"Is that your lovely little cat in there?" I asked the woman at the antique shop on Monroe Street.
She smiled. "They're all mine, all five of them, and they're all strays."
When she unlocked the door to the other side of the shop where I had seen the cat, he jumped down immediately off the probably very expensive chair where he had been sleeping and trotted over to rub against my leg.
I squatted down and stroked his fine, thin little body. He was jet black with four white feet, a tail like a pencil and probably weighed all of five pounds. But, there as something dreadfully wrong with one of his eyes. It was pearled over - like he had a cataract.
The woman was evidently reading my thoughts. "Somebody tried to kill him." She said.
I could feel my stomach tighten. I knew I did not want to know the rest of the story, but I didn't know how to stop her.
"We were feeding him outside and he disappeared for a few days. When he finally dragged himself back, half of his face was smashed in and his eyeball was hanging out. The doctor said he'd see this week if he was going to have to remove it."
"You don't think he might have gotten hit by a car?" I asked hopefully, not wanting to deal with what she was telling me.
'No." She said firmly. "The vet said it was more like someone took a shovel and swung at him, trying to crush his skull."
The sweet little being beneath my hand purred in pleasure and rubbed his face against my fingers.
"If you'll stay right there, he'll just love on you for hours." She said. "That's all he wants to do. Be careful, though, he's bad about running your stockings."
"I can buy another pair of stockings." I replied, marveling at the forgiveness of a being that had been so abused.
As a criminologist, I spend a great deal of my time reading about and talking about and sometimes even looking at the unspeakable things human beings are capable of doing to each other. Somehow, I have learned to stand that. But, when it comes to animals, and deliberate cruelty, I can't even bare to listen to it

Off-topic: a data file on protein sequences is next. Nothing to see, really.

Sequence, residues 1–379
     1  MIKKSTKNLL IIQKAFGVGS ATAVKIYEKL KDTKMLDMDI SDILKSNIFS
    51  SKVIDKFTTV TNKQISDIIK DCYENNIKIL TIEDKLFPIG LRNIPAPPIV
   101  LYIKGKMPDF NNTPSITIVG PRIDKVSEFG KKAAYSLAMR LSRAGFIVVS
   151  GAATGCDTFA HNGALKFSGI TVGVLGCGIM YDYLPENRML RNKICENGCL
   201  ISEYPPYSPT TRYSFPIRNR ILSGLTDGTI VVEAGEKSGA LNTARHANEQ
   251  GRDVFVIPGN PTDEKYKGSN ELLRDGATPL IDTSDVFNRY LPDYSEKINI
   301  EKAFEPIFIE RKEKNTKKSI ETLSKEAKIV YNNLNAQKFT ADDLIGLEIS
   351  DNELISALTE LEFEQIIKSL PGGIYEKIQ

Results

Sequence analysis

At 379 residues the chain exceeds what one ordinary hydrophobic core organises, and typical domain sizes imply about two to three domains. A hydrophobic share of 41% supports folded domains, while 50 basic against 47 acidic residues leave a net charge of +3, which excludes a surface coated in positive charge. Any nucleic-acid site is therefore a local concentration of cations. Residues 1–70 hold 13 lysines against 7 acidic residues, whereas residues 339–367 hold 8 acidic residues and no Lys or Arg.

That's why I didn't read all of the articles about the fraternity boys at a local university who tortured chickens and alligators as a kind of party stunt..
There are people, and I have worked with several, who disparage great love for animals - who regard it as trivial and silly. They think that love and tenderness for animals reveals a lack of love for people. I think it is just the opposite. I think great love for animals reveals a profound appreciation and respect for life - the preciousness and vulnerability of all little souls.
Animals are the most vulnerable and truly innocent beings around us. And, they have the least protection from the intentional cruelty dished out by the human race.
When a man smashed that precious little cat's face in with a shovel there was no 911 call, no ambulance, no police investigation, no arrest or punishment. Just horrible and unnecessary pain and suffering.
And even if you are among those who don't care about animals, you should care about this kind of intentional cruelty.
There is a substantial criminological literature which connects violent criminal behavior against people with a history of cruelty to animals. It only makes sense that if a person is willing to smash in the face of a cat, or torture chickens, or shoot the legs off a dog for sport, they are perfectly capable of, and quite likely to be, abusive to people as well.
To witness suffering, any suffering, to be able to do something about it and to turn your face away is a great and serious crime against the sacredness of life. But to deliberately set about to cause suffering, to watch and enjoy it, and laugh about it, in my mind, makes you a monster.
"There is a special circle in hell for people who do such things." The owner of the antique shop said, looking down sadly at her little cat..
"I hope so." I replied. "I truly hope so."